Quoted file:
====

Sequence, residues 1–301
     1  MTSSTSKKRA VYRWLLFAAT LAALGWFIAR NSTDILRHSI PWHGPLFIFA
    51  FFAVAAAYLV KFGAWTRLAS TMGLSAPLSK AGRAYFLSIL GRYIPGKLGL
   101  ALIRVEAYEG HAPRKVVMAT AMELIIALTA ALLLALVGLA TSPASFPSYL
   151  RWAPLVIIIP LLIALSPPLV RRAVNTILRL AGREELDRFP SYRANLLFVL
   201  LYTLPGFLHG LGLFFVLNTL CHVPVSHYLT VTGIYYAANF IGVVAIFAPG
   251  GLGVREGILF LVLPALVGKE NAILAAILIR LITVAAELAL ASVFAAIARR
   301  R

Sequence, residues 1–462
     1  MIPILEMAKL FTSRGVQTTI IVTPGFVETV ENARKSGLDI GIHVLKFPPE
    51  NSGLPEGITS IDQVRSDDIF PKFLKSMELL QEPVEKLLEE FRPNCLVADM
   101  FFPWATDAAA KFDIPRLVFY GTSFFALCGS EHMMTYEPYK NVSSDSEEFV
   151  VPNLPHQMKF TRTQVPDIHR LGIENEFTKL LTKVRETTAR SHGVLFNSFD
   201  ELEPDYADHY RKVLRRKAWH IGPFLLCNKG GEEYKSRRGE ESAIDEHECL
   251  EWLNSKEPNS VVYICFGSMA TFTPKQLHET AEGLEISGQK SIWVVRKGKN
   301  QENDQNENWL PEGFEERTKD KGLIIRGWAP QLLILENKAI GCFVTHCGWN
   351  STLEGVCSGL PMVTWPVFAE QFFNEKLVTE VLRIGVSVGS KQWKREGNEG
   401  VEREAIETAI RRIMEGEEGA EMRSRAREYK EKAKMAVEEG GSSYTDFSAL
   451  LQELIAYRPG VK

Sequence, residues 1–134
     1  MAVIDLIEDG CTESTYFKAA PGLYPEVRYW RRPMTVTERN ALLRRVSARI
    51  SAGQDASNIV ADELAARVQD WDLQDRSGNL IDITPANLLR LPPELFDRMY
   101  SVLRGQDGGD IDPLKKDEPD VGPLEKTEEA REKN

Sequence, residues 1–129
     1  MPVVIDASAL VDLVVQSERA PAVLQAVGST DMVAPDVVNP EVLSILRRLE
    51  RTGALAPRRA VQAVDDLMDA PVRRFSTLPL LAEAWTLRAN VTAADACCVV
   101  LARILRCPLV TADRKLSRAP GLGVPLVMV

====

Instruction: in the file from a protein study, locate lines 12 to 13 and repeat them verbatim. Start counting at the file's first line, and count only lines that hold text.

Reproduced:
   101  FFPWATDAAA KFDIPRLVFY GTSFFALCGS EHMMTYEPYK NVSSDSEEFV
   151  VPNLPHQMKF TRTQVPDIHR LGIENEFTKL LTKVRETTAR SHGVLFNSFD